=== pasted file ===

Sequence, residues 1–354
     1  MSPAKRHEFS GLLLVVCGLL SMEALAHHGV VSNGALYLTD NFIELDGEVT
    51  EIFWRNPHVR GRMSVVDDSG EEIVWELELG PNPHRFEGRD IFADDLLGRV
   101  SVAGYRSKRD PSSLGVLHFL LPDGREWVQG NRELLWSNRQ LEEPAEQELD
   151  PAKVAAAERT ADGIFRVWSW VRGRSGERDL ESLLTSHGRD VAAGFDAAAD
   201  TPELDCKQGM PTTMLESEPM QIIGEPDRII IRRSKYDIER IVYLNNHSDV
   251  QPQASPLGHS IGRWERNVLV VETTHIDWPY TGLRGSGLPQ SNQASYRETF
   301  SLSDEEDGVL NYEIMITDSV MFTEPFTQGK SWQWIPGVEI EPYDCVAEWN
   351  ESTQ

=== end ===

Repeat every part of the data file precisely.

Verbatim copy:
Sequence, residues 1–354
     1  MSPAKRHEFS GLLLVVCGLL SMEALAHHGV VSNGALYLTD NFIELDGEVT
    51  EIFWRNPHVR GRMSVVDDSG EEIVWELELG PNPHRFEGRD IFADDLLGRV
   101  SVAGYRSKRD PSSLGVLHFL LPDGREWVQG NRELLWSNRQ LEEPAEQELD
   151  PAKVAAAERT ADGIFRVWSW VRGRSGERDL ESLLTSHGRD VAAGFDAAAD
   201  TPELDCKQGM PTTMLESEPM QIIGEPDRII IRRSKYDIER IVYLNNHSDV
   251  QPQASPLGHS IGRWERNVLV VETTHIDWPY TGLRGSGLPQ SNQASYRETF
   301  SLSDEEDGVL NYEIMITDSV MFTEPFTQGK SWQWIPGVEI EPYDCVAEWN
   351  ESTQ